The simulations have a roughly comparable mean *u*_{1} climatology (6 m s^{−1}), except for the CCON simulation, which has a peak mean *u*_{1} of ~4 m s^{−1}. On the other hand, the second baroclinic *u*_{2} structure changes substantially between the simulations. While the DCON setup is quite similar to the base-case THERMO setup, the CCON simulation does not feature the characteristic double peak in the second baroclinic velocity component.

The total variability about the mean also differs subtly between the setups. The THERMO and DCON schemes show a triple-peaked variability structure that is due to a triple peak in convective heating seen in past results (FMK12; FMK13). On the other hand, the CCON setup shows larger variability throughout the domain but with a much flatter peak. However, as will be shown later, the CCON setup is degenerate and extremely sensitive to parameters, and we emphasize that it is important to favor realistic over larger variability.

### a. Deep-convergence-coupled DCON

In the formulation above, two key parameters were introduced: *R* and *τ*_{w}. Of these two, the parameter *τ*_{w} explicitly tunes the strength of the convergence coupling through (14), while *R* has a more subtle effect. In this section, we study the effect of varying *τ*_{w}, which we will often refer to as the “convection strength” or “strength parameter” in the context of the deep-convergence-coupled DCON simulations. In particular, we perform simulations fixed at *R* = 240 km and for *τ*_{w} = 0, 1, 10, 100, and 1000 h. Of course, *τ*_{w} = 0 implies that the convergence coupling is disabled, which is the same as the THERMO setup following (14).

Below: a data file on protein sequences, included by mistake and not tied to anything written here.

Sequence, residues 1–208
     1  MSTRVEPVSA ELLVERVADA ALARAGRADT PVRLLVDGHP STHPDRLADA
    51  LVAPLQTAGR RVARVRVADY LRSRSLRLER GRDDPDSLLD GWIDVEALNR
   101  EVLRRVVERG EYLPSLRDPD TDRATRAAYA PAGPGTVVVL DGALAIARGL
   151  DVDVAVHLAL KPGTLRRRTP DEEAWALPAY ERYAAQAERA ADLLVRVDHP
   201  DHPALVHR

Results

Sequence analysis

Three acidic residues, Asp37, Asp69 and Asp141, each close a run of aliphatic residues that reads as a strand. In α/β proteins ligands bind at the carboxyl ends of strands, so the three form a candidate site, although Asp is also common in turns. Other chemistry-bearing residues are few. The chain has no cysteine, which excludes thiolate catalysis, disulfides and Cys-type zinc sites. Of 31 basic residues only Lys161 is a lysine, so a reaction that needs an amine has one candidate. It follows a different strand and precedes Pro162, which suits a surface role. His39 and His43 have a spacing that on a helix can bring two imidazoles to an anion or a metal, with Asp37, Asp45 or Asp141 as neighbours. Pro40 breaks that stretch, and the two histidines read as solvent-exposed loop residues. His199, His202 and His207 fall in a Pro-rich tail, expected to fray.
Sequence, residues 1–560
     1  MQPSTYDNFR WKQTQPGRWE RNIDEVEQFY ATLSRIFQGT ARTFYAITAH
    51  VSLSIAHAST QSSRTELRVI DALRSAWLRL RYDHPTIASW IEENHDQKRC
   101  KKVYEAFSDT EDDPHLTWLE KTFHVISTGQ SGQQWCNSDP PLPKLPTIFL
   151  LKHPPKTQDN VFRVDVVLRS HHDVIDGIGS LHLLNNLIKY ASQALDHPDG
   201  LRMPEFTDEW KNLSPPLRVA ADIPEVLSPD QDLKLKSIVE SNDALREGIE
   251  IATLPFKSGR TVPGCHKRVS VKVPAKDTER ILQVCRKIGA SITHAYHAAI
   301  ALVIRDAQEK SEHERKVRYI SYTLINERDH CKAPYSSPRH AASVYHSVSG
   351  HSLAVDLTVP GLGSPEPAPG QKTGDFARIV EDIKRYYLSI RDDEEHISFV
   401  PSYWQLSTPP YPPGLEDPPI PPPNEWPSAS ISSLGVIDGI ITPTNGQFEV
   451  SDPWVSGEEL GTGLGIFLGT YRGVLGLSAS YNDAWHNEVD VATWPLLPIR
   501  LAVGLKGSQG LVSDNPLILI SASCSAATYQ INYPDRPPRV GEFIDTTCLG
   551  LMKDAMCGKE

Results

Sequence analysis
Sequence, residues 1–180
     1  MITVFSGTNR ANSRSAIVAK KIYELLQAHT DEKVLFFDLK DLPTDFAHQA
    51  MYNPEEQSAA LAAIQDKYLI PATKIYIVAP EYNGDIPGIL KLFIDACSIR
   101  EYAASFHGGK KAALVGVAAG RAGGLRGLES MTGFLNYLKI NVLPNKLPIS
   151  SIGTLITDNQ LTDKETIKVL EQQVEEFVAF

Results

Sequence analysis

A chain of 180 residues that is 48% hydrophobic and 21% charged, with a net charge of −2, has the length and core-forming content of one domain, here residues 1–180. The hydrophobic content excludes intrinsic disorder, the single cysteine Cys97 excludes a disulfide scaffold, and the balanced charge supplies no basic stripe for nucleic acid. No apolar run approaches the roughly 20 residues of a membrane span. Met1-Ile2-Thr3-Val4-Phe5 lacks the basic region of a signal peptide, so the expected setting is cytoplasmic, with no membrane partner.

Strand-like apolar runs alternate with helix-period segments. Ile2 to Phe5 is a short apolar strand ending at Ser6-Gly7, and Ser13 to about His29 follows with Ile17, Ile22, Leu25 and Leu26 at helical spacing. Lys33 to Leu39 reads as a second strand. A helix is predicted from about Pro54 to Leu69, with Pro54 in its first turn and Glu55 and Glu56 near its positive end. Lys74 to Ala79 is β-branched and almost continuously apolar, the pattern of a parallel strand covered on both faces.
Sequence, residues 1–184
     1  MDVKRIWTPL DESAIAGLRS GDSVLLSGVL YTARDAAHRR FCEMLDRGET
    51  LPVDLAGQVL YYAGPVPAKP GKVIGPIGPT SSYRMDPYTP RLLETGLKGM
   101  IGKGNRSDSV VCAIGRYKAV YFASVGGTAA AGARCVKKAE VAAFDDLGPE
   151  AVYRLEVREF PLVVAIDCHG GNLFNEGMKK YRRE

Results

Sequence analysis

This deep-convergence-coupled setup shows improved low-frequency variability and intermittent dynamics, as is readily visible in the anomalous *u*_{1} Hovmöller diagrams shown in Fig. 4. From left to right with increasing *τ*_{w}, the Hovmöller diagrams represent a continuum from order to disorder. As discussed in the previous section, the majority of the variability in the THERMO simulation (*τ*_{w} = 0) is composed of large CCWs that emanate from the warm pool region at regular ~12-day intervals. Moreover, these CCWs alternatively propagate eastward and then westward in perfect sequence. For *τ*_{w} = 1, this structure is still somewhat visible, but the coherence and regularity of these waves is weakened. With *τ*_{w} = 10, large CCWs similar to those in THERMO but with a 2-times-longer time scale alternatively propagate east/west until one circles the domain and interacts once more with the warm pool region (see day 930). This interaction then initiates a series of many small and large CCWs, which are released from the center of the domain. This behavior is markedly more chaotic and features variability on longer time scales then the regular east-then-west waves in the THERMO. The effect is increasingly pronounced for *τ*_{w} = 100 and 1000.

The *u*_{1} climatology shown in the left panel of Fig. 5 reflects this increased variability outside the warm pool region. While the mean fields of the convergence-coupled simulations do show a slightly stronger circulation between 15 000 and 25 000 km, the result is quite subtle. On the other hand, there is a large increase in variability with *τ*_{w}, especially outside of the warm pool region. This is evidently due to the propagating CCWs visible in Fig. 4.